Fossiling in February
The APS made a return visit to the Pennsylvanian Age rocks of Walker County, Alabama on a gorgeous February day. We had a good group of about 15 enthusiasts, many joining us for the first time. The day was spectacular with deep blue skies and bright sun at a low winter angle (really good for hunting trackways!), it was cold to start with temps right around freezing but warming up to near 50 degrees by the time most were worn out and heading home. The freezes of winter have done a good job killing off the the vegetation that had covered the site at the end of summer. This was the first time the club had visited the site since the fall and there had been lots of rain and freezes to expose and crack some of the more productive rocks. A number of great fossils were found and folks had a really good time.
This site remarkably continues to produce exceptional plant fossils, exquisite invertebrate trackways, and world-class tetrapod trackways, along with other fossils. The following is a sampling of exceptional fossils found on this trip.
Plants including seed ferns and there reproductive pods:
Next some truly wonderful invertebrate trackways and burrows:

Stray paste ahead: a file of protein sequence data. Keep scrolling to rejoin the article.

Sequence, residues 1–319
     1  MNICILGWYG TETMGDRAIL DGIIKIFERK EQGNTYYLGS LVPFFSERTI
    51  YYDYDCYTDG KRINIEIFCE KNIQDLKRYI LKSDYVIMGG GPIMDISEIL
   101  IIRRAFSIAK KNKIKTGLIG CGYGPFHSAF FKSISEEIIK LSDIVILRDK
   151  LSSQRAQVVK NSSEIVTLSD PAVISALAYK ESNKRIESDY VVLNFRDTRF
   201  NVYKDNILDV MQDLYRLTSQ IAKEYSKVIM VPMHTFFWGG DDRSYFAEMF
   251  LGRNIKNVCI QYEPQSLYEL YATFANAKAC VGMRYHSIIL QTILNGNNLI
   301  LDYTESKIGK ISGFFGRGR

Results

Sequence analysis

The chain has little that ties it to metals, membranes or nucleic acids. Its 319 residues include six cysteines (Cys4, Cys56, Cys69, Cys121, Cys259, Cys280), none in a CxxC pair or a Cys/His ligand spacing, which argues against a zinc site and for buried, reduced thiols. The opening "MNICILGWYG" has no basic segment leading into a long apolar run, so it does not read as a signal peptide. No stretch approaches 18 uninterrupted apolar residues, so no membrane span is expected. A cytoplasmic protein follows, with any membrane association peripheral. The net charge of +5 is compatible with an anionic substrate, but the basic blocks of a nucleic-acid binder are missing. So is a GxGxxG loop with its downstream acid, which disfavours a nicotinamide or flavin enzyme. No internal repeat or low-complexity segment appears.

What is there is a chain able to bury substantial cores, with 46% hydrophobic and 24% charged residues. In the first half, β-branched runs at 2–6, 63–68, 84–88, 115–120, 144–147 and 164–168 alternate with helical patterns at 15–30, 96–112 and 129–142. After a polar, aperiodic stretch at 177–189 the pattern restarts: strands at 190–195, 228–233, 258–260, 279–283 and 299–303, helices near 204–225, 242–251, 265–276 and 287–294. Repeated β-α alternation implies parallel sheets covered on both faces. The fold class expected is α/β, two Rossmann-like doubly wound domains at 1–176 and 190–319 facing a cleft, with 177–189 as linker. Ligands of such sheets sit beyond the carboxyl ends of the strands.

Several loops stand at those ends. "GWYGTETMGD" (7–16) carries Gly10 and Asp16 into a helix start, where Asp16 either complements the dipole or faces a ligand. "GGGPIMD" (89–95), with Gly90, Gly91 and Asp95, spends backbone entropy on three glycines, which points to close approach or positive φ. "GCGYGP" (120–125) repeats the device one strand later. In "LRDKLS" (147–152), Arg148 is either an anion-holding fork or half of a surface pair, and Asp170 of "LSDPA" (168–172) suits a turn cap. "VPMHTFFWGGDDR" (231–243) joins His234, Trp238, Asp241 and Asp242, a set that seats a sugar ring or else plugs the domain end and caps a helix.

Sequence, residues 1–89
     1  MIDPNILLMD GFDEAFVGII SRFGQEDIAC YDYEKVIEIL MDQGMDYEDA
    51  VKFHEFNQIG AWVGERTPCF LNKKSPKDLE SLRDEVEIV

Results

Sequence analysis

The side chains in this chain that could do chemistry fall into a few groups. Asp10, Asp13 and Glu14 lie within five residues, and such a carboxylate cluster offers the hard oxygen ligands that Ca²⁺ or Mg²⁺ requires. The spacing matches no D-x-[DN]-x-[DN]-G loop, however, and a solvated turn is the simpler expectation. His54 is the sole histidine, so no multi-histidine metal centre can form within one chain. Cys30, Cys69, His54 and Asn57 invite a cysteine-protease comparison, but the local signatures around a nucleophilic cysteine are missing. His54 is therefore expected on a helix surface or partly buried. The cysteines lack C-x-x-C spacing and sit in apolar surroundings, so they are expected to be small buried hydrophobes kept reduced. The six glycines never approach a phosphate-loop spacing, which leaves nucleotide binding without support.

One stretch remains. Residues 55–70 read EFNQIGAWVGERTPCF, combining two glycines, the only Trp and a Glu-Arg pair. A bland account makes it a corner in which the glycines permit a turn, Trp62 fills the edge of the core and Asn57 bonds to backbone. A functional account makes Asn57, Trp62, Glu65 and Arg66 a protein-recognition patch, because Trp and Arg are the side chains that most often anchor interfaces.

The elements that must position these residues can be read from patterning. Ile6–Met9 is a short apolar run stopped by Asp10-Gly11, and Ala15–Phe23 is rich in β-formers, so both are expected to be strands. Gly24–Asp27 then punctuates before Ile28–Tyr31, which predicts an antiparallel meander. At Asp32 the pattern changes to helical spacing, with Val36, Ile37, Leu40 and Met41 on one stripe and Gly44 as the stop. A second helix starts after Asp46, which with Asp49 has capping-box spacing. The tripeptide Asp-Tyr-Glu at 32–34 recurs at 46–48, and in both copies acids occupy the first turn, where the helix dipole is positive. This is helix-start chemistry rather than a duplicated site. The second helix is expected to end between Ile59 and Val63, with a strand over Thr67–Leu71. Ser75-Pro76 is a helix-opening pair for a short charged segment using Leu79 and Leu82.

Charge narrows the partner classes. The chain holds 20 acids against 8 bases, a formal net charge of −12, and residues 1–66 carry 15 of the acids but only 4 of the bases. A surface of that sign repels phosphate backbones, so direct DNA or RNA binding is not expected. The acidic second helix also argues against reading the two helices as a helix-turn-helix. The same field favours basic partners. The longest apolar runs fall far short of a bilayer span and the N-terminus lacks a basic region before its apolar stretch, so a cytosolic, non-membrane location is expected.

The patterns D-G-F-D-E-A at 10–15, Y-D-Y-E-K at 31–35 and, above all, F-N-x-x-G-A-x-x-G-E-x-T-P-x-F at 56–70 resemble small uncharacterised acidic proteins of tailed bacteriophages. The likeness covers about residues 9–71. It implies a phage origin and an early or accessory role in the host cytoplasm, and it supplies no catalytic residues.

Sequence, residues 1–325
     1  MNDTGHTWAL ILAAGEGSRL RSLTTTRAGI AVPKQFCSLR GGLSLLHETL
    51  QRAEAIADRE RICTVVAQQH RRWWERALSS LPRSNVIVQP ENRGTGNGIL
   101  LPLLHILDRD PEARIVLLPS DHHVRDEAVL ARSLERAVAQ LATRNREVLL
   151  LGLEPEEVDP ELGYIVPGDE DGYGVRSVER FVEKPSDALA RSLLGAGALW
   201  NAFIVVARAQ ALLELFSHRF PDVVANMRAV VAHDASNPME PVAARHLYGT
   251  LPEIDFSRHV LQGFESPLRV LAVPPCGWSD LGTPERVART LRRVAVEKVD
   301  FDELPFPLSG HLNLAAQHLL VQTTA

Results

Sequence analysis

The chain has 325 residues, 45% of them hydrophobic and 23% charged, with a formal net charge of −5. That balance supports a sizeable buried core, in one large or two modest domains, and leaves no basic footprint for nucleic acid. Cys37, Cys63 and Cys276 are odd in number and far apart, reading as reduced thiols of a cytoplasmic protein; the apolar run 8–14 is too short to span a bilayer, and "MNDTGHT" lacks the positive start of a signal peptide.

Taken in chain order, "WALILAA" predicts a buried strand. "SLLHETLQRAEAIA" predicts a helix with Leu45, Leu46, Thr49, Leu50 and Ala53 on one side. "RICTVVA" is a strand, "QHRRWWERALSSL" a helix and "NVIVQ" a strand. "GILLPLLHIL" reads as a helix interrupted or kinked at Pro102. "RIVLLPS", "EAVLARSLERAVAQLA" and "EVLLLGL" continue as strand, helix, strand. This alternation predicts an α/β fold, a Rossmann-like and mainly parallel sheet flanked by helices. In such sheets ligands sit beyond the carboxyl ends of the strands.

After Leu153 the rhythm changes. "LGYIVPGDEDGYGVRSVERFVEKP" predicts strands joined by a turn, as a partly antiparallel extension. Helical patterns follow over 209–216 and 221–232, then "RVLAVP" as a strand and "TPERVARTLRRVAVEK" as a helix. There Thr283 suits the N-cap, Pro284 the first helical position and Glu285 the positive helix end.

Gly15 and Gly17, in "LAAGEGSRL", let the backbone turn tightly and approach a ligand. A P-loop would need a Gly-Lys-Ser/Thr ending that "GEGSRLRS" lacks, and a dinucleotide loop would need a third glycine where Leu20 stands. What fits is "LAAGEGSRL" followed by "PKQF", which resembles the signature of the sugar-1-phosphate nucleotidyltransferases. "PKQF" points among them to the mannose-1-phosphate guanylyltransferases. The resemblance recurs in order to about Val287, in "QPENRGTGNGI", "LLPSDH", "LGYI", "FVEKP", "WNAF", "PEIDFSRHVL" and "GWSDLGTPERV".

A terrific sinusoidal fish swimming trace (Undichna):
And the early tetrapod trackways that truly make this site world class:
This next group of vertebrate tracks going from left to right shows the variation in trackways that can be found at the site based on depth in the sediment. In other words, the first trackway reflects the exact or nearly exact surface where the tetrapods foot contacted the mud. In this first pic, the footprints are ill-defined and the tail drag is present. As you move to the next photos the mud layers are deeper and deeper and show less and less of the footprints only reflecting where the most pressure was exerted down through the mud layers. In pics 2-4 the pad of foot fades away and the last picture all you have left are the ends of the digits preserved.
Finally, here is an odd one (there are always oddities from the site). I believe this is a smudgy attenosaurus tetrapod footprint (impression and counter-impression), however I am open to any ideas!
Hope to see everyone out in the field in the coming months!